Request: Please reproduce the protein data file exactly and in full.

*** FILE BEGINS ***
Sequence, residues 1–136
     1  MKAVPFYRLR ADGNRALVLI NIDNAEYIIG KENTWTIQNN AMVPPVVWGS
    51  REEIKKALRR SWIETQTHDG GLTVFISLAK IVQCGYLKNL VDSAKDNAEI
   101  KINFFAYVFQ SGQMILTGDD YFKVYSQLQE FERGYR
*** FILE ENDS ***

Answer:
Sequence, residues 1–136
     1  MKAVPFYRLR ADGNRALVLI NIDNAEYIIG KENTWTIQNN AMVPPVVWGS
    51  REEIKKALRR SWIETQTHDG GLTVFISLAK IVQCGYLKNL VDSAKDNAEI
   101  KINFFAYVFQ SGQMILTGDD YFKVYSQLQE FERGYR